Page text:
A bland and uninteresting landscape is often the result of failing to plant in more than one or two layers. A flat lawn with a single tree is boring, but a lawn with layered plants of various sizes and textures is attractive and welcoming.
1. Soil Region
The one layer that you can't see but that which is most important is the soil layer. All landscape planning begins with the soil. You want well-drained but organic material-rich soil that can support a range of different plant types. This often means amending the soil layer with compost, fertilizers, and organic materials before planting can even begin.
2. Ground Level
In many home landscapes, the main part of the ground layer is a lawn. It also contains the lower growing seasonal flowers, such as your summer annuals, as well as any leafy groundcover plants. Mulches can also be considered part of the ground level of the landscaping since these will provide coverage over the soil layer for a variety of garden beds and planting areas. Generally speaking, the ground-level layer provides the background for each subsequent layer.
3. Shrub Zone
The shrub zone consists of those plants that grow from about knee-high to the height of a person. Small shrubs, low hedges, fountains of ornamental grass, and large foliage plants can all be considered part of the shrubs zones. Shrubs provide the middle layer that makes a landscape seem filled out and more visually interesting. It is also the main layer for attracting desirable wildlife, such as birds and pollinating insects.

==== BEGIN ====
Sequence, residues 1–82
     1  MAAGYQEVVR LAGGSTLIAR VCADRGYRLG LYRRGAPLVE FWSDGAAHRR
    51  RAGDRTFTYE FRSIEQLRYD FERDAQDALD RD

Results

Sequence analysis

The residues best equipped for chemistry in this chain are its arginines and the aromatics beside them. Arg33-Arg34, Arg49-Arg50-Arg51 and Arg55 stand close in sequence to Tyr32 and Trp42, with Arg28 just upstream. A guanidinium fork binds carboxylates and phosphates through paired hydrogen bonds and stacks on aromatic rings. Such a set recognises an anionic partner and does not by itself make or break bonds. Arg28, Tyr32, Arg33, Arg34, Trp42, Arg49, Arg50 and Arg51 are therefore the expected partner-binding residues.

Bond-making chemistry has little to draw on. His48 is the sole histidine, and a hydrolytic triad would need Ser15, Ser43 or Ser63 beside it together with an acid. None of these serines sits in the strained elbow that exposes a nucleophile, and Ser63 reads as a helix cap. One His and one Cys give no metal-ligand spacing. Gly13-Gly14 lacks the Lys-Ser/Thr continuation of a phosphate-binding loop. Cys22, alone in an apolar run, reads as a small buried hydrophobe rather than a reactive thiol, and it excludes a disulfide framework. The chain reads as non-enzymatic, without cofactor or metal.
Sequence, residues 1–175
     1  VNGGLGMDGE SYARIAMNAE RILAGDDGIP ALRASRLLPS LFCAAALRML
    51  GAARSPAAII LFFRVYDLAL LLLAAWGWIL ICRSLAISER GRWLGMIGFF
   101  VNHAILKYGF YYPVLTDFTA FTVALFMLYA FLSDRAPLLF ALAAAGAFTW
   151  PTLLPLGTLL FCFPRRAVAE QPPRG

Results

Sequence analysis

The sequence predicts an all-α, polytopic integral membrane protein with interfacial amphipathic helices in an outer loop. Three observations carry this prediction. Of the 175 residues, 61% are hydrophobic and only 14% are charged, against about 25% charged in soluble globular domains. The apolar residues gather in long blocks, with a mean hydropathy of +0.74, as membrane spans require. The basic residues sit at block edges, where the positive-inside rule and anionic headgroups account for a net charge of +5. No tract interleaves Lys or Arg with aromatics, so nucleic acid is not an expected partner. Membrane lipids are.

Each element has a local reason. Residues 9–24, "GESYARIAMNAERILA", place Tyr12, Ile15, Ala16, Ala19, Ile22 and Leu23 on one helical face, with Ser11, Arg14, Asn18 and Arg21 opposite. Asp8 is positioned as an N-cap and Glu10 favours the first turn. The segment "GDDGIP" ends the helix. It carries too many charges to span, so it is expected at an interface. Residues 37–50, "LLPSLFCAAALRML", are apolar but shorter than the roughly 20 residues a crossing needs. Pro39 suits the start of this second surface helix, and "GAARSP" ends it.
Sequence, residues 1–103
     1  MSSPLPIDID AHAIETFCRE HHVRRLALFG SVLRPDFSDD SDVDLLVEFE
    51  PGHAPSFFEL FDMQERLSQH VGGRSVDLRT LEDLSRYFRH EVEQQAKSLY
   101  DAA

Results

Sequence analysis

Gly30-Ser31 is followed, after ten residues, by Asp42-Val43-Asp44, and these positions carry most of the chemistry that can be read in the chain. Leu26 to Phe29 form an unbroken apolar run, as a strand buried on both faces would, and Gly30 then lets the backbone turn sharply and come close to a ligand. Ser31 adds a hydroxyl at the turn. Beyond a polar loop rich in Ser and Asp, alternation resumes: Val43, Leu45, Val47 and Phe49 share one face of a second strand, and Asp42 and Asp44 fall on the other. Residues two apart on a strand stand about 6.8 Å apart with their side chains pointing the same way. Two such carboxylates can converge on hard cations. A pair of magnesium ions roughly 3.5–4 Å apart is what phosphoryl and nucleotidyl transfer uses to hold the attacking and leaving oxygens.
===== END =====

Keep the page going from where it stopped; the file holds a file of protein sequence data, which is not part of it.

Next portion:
4. Under Story
The understory consists primarily of small trees. Dogwoods and fruit trees, both edible and ornaments, often make up the understory. These trees typically top out between 15 and 25 feet so that they are easy to prune and shape. A few taller shrubs, tall hedges, and even vining plants that are trained up obelisks and trellises can also join in with the understory, especially if they are used as visual anchor points for the landscape design.
5. Top Story
The top layer in the landscape is made up of the tallest trees on the property. Height can vary, but in residential areas, this would likely top out around 30 to 40 feet tall in the interest of being able to maintain the trees. Large shade trees such as oaks and maples are common top story trees, as are tall conifers like spruce and firs. Not every landscape has a true top story, and some only have one top story shade tree.
Contact a custom landscaping service to design a multi-layered and attractive yard.